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Combi or not?

josephny
josephny Member Posts: 137
I need a hot water heater (LP) for a house with 3 full bathrooms, 2 half bath, kitchen sink, dishwasher, laundry machine.

I would like a single unit that can also provide 30kbtu heating for hydronic radiant.

Should I use a combi? Any suggestions?

Thank you!
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Comments

  • mattmia2
    mattmia2 Member Posts: 3,696
    It depends on your incoming water temp and what your usage looks like, are you using all the loads at once or sequentially, what sort of shower heads do you have in the baths, are you filling a tub, and a few other things. Most likely a combi isn't the best solution for this situation, it would have to be much larger than your heating load, even at its lowest firing rate, the unit that could provide that much hot water would be significantly oversized for your heating load. Most likely a very large indirect that could slowly recover with a small boiler but could hold enough hot water for all of your loads would be a good solution. One or more conventional powered vent LPG water heaters and a boiler is another solution.
    josephny
  • josephny
    josephny Member Posts: 137
    My readings confirm exactly what you wrote, and that an indirect would make a lot of sense.

    But then I read more and learn more of the details like larger tank and smaller boiler vs. smaller tank and larger boiler, among a million other details.

    I have no idea how often all loads will run at the same time, or how often 90/80/70/60/50/40% of the loads will run.

    There are 2 tubs, 1 shower, 5 bathroom sinks, a kitchen sink, a dishwasher and a laundry machine. I think that's all the hot water loads. If I had to guess, I'd say that it wouldn't be too uncommon for 2 showers and either a dishwasher or laundry machine to be running at the same time. Less common but certainly possible: 1 tub, 1 shower, dishwasher and laundry at the same time. I believe that last scenario would demand about 8gpm.

    Am I making any sense?

    Thank you!
  • EzzyT
    EzzyT Member Posts: 1,166
    I wouldn’t go with a combi unit. Go with a boiler and a 40 indirect tank with a thermostatic mixing valve. 
    Rich_49josephny
  • mattmia2
    mattmia2 Member Posts: 3,696
    I think you would really have to be careful about a 40 gallon indirect being large enough for that load. It is possible under some conditions but it also would be woefully inadequate under other conditions, especially if you size the boiler for the heating load. No one ever complained that their tank was too big and they never ran out of hot water.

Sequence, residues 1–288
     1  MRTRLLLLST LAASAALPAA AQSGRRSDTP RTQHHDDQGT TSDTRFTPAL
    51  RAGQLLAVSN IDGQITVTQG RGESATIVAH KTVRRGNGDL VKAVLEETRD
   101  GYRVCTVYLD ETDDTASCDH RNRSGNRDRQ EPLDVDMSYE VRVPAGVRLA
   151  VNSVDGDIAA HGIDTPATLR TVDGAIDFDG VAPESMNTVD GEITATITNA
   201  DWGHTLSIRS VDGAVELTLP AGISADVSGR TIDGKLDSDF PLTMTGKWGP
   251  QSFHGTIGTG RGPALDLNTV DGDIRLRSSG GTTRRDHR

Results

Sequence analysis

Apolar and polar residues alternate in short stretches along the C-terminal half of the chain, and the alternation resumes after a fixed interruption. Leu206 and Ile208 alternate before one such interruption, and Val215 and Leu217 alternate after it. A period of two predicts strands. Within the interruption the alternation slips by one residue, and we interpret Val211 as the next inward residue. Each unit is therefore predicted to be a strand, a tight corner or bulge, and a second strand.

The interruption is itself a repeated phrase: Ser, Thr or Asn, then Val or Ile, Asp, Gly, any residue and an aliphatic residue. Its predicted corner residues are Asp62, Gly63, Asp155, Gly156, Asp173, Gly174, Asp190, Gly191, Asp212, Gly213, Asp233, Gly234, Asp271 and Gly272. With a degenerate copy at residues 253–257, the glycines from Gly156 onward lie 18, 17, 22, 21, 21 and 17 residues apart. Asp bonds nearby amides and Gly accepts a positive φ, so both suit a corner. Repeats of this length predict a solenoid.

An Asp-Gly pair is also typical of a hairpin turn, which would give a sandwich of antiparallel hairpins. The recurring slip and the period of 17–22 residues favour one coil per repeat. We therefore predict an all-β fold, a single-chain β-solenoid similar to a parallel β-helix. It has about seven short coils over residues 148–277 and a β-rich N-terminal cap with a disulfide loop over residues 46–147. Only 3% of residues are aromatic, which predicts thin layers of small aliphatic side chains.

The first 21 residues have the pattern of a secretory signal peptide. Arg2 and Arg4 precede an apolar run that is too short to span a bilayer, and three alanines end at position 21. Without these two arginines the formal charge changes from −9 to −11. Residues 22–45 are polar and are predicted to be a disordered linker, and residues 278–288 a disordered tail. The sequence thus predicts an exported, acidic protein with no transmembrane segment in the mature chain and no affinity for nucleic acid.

Rich_49josephny
  • Jamie Hall
    Jamie Hall Member Posts: 16,615
    Well, @josephny , you are making sense in your analysis. Now let's consider just what that means. Suppose you are indeed demanding 8 gpm of hot water -- which I regard as quite likely. Let us further suppose that the incoming water is at 45 F, and you like nice hot showers -- say 105 f water. That will require about 4,000 BTU per minute, or if you are using an "instantaneous" water heater or combi, a power input to the unit of about 250,000 BTUh.

    Units that large do exist, but the heating side of them will have a minimum firing rate more or less equal to your heating load on a design day -- so most of the year the thing will be cycling like mad, which is hard on the hardware, not to mention the efficiency.

    Now also consider. Suppose, instead, that we supply that hot water from a nice indirect It's unlikely that that peak demand will last more than 10 minutes. 80 gallons of hot water, even if the indirect is held at 105 (which it wouldn't be, if properly installed -- more like 140 and mixed down). Also 40,000 BTU of energy. Taking the full output of a mod/con boiler sized for your heat load would take an hour and 15 minutes for the tank to recover -- quite manageable once or twice a day, and the boiler would be condensing while doing it, so good efficiency.

    Perhaps at least as much to the point, with the indirect if the peak load goes over that 8 gpm for a couple of minutes -- someone decides to wash their hands, for instance -- the parties in the shower don't get treated to a blast of cold water when the combi is overloaded, which is not likely to make them happy.

    To me, it's a pretty easy decision... though I would also look at a direct fired gas water heater as well. But I wouldn't even consider a combi.
    Br. Jamie, osb
    Building superintendent/caretaker, 7200 sq. ft. historic house museum with dependencies in New England
    mattmia2josephnyHot_water_fan
  • Robert_25
    Robert_25 Member Posts: 338
    Small heating load + big domestic hot water load is not a great match for a combination unit. Go with a properly sized indirect or a separate water heater.  

    Also - keep in mind that combi units do not tolerate hard water very well.
    mattmia2josephny
  • josephny
    josephny Member Posts: 137